We don't need to over flog what has been said I belong to the group that says it's time to call it quit. Even if he comes back it is absolutely impossible for him. He is a very sick person and Nigeria needs a very strong person, somebody with all the health that God could give will even break down under the weight of the problem that Nigeria carry. We need a leader with all the health that will give all the attention needed, if possible more than 24-hour attention to the problems of this country. He did in Katsina State and got away with it for 8 years, this is Nigeria. you are not talking about Katsina State here, you are talking about over 450 distinct tribes or ethnic groups each with its own values, problems, challenges, headaches all concentrated in the center, heaped on your shoulders and that should not be and this is what we have been complaining all the while. If Nigeria has been truly federal where the regions are independent, where the regions have the powers to do their own things at their own pace, the center will be so weak and so irrelevant that yes, we could excuse this President Yar'Adua's absence, but it is not so in our present scenario. He should, even as he is back, tender his resignation; continuing is more like deceiving Nigerians and he did promise in his inaugural speech that he was not going to deceive Nigerians that he was going to be a listening President and the great majority of Nigerians are simply saying thank you very much, you have done quite well but your health cannot allow you to continue thus far. That is all.
What are your views on the issue of Eze Ndigbo in Diaspora, which are been banned in some states like Lagos?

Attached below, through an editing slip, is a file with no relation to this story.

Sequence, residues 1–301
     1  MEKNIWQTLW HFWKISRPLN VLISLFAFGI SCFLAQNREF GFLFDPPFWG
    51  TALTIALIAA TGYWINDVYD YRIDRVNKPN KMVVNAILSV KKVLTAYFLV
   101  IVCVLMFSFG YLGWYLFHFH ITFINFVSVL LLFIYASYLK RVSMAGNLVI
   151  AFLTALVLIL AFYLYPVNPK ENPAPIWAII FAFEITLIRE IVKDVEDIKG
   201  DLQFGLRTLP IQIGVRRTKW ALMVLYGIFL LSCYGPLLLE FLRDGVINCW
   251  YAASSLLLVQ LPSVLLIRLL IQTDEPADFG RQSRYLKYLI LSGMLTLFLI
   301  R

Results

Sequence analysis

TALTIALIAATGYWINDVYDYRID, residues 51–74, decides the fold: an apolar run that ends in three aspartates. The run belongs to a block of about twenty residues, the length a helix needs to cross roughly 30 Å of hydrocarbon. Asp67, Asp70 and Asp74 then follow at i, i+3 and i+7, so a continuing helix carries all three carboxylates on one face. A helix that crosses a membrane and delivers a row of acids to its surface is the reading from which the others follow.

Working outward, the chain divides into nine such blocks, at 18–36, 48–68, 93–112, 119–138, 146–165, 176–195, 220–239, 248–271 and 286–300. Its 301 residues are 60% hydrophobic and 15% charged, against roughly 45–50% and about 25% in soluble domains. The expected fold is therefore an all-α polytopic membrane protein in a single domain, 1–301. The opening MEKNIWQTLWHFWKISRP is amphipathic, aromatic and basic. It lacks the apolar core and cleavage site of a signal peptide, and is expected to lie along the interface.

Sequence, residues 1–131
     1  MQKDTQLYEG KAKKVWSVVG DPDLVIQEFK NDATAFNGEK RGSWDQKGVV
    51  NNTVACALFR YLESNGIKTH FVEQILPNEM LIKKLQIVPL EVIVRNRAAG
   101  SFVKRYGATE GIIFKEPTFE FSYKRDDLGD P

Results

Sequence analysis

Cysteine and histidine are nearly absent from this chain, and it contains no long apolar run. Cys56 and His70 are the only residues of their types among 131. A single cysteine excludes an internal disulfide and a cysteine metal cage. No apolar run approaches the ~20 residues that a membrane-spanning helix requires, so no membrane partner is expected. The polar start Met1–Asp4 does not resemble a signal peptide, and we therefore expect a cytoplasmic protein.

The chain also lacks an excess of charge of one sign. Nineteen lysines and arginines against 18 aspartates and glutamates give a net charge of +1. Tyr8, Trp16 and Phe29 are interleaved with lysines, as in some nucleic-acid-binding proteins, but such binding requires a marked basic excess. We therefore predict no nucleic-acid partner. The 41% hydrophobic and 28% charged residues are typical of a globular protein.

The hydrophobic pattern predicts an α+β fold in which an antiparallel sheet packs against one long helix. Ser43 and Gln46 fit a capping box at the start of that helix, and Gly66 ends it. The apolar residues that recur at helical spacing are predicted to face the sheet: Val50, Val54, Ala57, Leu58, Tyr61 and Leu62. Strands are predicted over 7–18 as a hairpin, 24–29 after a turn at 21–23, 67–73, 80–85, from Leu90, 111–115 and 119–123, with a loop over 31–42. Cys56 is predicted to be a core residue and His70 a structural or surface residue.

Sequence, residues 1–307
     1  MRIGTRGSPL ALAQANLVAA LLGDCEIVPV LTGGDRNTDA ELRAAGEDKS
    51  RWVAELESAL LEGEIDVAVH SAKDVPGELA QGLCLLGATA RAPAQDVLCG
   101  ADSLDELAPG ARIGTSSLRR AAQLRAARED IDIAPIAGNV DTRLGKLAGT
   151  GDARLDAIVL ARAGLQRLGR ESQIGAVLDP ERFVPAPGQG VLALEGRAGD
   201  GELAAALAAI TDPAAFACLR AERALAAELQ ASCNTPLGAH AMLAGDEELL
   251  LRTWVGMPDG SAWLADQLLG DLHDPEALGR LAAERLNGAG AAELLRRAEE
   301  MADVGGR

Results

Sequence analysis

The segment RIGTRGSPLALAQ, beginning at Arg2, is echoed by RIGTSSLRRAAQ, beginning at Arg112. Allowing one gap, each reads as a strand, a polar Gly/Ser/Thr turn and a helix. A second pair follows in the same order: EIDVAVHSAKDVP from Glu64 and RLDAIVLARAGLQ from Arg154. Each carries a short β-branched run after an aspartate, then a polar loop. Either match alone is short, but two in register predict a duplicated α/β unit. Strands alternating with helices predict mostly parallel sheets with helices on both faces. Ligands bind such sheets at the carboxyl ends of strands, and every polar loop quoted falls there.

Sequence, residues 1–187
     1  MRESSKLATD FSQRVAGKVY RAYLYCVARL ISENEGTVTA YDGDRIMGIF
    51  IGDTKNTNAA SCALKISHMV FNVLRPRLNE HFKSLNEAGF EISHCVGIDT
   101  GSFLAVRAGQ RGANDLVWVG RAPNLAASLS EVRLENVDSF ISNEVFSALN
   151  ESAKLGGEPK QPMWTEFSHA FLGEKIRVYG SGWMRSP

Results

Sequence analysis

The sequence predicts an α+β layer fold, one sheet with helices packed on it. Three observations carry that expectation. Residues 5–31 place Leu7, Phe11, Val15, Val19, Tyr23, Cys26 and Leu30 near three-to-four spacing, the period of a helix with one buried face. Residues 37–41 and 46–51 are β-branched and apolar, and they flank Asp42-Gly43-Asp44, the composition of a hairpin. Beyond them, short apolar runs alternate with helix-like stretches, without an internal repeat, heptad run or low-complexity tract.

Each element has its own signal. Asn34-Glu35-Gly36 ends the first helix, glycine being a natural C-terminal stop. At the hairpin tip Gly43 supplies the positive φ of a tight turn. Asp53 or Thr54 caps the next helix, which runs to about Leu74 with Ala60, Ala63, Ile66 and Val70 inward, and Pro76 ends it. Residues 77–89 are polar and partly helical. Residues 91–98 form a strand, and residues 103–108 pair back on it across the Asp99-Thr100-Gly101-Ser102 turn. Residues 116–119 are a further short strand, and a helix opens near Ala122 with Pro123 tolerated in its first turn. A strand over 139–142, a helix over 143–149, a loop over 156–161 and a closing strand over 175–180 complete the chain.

This is an institution that emerged from the desires and aspirations of Ndigbo living in the Diaspora. I am a bit confused by how this whole issue has been politicised, how some of our Ezes in Igbo land have gone about this matter as if the question of that institution could not have been agreed better, could not have been looked into better and could not have been really analysed and taken care of. My view is simple, the institution of who culturally holds forth for Ndigbo is something that we have to promote in Lagos, in Kano, in Kaduna, anywhere there are Igbos there must be a place where they come together to promote our culture, our tradition and this does not in anyway stand in parallel with our Ezes in Igbo land and the question is quite simple; if there are things that the Eze Ndigbo in Diaspora have been doing, which does not look right in anyway, it is only in conversation, sitting together with the people, consulting widely with the Igbo communities, town union associations all over the world that you will come to a resolution of the matter. You do not just enter a town, go to the indigenes and tell them that you are an Eze from Igbo land and that you have banned so and so people, it smacks some lack of common sense and it smacks some irresponsibility because it shows that you are not even in control of what you are doing. And who says that one person or groups of persons without consulting the people, the Oha (the people), who are actually the people that make the Eze important make decisions which are contrary to the norms of the people already living in that place. There are so many fine gentlemen like the late Eze Ihejiahi, who have been monumentally instruments of sanity, at very terrible times. In Kaduna, he has been a stabling hand in what the Igbo have done and achieved, same with Ohazulike here in Lagos, same with so many of them in the North where our Ezes suddenly have woken up and realised that they are important, where have they been all this while? So, the point I am just making is that the issue of nomenclature, name, and title should be looked into again. Whether the institution is required my answer is yes, whether they have played very important role in the socio-political and cultural live of the people in Diaspora the answer is yes. Whether they will be useful to us politically, culturally and economically in the future my answer is yes. What becomes the problem? How to now liaise between the Ezes in Igbo land and the ones in Diaspora we have to look at it again. There are so many Igbo communities in Mali that have no direction, that hardly comes home, that hardly visits home, same in Cameroon, same in Gabon, same in Equatorial Guinea, same in Lome; these people have families, they have children; most of their children don't even speak Igbo, most of them don't even know anything about Igbo values and cultures, some of their parents are even beginning to forget their own personal identity. It is only by creating such institutions that we will be able to start slowly and quietly but surely re-instill our Igbo-ness even in very consequential ways. I think it is important that we look at this question strongly again and find ways to resolve the matter.